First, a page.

CJ: Shel. I mean, we haven’t actually seen Shel die, but I’m pretty sure she’s dead. I would save Shel. A lot of people ask me if I were Katjaa, would I make the same decision? And I don’t want to spoil anything for people who haven’t played it, but as a parent, watching a kid go through what her kid went through, I absolutely understand, what the writers were going for there, and I understand the character’s decision. So Shel would be the one I would save because I think she had Katjaa’s heart, but a little more…balls.

GS: So, motion capture work! What of your recent voice acting work has involved mo-cap?

CJ: I can’t talk about it! I just wrapped up a big project I’ve been working on for a year–I can’t tell you the name of it; I can’t tell you the studio. I can tell you, I got pregnant during it, so as we were getting about ready to wrap and I was seven months pregnant, and I was like, “All right, you guys, I don’t know that my character’s going to be able to do much more of this particular stance that you want without looking completely ridiculous, so we’re going to have to wrap this up!” But, it was a really fun project, I’m really excited for it to come out; I’m excited for it to be announced! It’s going to have some really cool technology, but again, I can’t talk about it.

I have done quite a bit of facial mo-cap, where I’m still in a recording booth, not on a sound stage, with a camera pointed at my face. One of them was for a project that never got green-lit, and the other one recorded under a fake name; a lot of video games record under fake names for triple-A titles, and I don’t know what the name of the actual game is.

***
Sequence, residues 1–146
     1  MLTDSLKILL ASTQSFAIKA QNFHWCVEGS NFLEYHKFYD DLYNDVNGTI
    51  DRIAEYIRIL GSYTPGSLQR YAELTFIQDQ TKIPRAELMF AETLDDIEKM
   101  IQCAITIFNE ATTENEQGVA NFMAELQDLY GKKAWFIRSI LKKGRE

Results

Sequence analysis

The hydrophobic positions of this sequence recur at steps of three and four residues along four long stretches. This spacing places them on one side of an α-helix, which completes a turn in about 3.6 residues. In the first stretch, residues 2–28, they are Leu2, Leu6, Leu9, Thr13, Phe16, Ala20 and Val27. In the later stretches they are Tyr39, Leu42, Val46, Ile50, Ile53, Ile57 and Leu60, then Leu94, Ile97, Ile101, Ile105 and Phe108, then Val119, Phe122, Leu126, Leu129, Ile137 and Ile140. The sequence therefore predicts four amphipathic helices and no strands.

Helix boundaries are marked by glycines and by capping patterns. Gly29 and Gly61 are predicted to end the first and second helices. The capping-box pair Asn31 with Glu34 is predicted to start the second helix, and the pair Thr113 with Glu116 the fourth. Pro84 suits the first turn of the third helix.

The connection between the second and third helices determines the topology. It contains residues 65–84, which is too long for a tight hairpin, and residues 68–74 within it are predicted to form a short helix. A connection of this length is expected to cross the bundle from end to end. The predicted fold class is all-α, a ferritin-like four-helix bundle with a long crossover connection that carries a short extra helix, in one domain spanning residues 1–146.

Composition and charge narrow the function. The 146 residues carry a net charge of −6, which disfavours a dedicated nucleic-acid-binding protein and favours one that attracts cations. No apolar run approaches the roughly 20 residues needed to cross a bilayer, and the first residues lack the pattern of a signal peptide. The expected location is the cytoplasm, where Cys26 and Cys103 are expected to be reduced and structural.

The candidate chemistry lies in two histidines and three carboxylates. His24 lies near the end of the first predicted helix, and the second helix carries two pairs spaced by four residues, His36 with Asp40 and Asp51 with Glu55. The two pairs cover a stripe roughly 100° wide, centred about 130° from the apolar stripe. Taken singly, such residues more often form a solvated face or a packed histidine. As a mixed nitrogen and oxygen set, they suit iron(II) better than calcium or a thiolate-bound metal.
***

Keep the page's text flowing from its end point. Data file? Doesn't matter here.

GS: Wow, congratulations! I’m excited to hear about this new project. But facial mo-cap, does that make you really self-conscious? Do you like it?

CJ: It’s a little awkward! Part of the reason I got into voiceover is because you don’t have to look at me! I don’t have to worry about, am I wearing my pajamas? Did I wake up with a fro this morning? So, it’s definitely a little awkward, but it’s just a different part of the business, which is really fun. It was really intimidating at first, but the more we got into it, it was just like okay, whatever! I remember going in for one session, where somebody had to be in the booth with me instead of just having it set up on a tripod. And, he was telling me that they just wrapped a session with a celebrity who was very angry about having to have this guy in the booth with him, and just kept farting! Through the whole session! Just trying to piss off the guy holding the camera! It made me very glad not to be the guy holding the camera.

GS: Without talking about the new project itself, can I ask how you feel about full body mo-cap? Does it help you get into character more?

CJ: It’s different for me. I don’t have a ton of stage experience, so it’s really comfortable to be in a booth, behind the mic stand, with a microphone, not having to memorize lines. Because I can still get into a stance that helps me find the character. If I’m a super tough army chick, I’ve either got my arms crossed or my hands on my hips. If I’m a softer, mother-type, I don’t have the rigidity to my body. It’s a little more daunting for me, mo-cap, just in the sense that, oh my God, I have to memorize lines? I didn’t get into voiceover to memorize lines! But again, it’s really fun, and most people know that I’m not a stage actor, so they have lines strategically taped around.

Use your ← → (arrows) to browse
Load Comments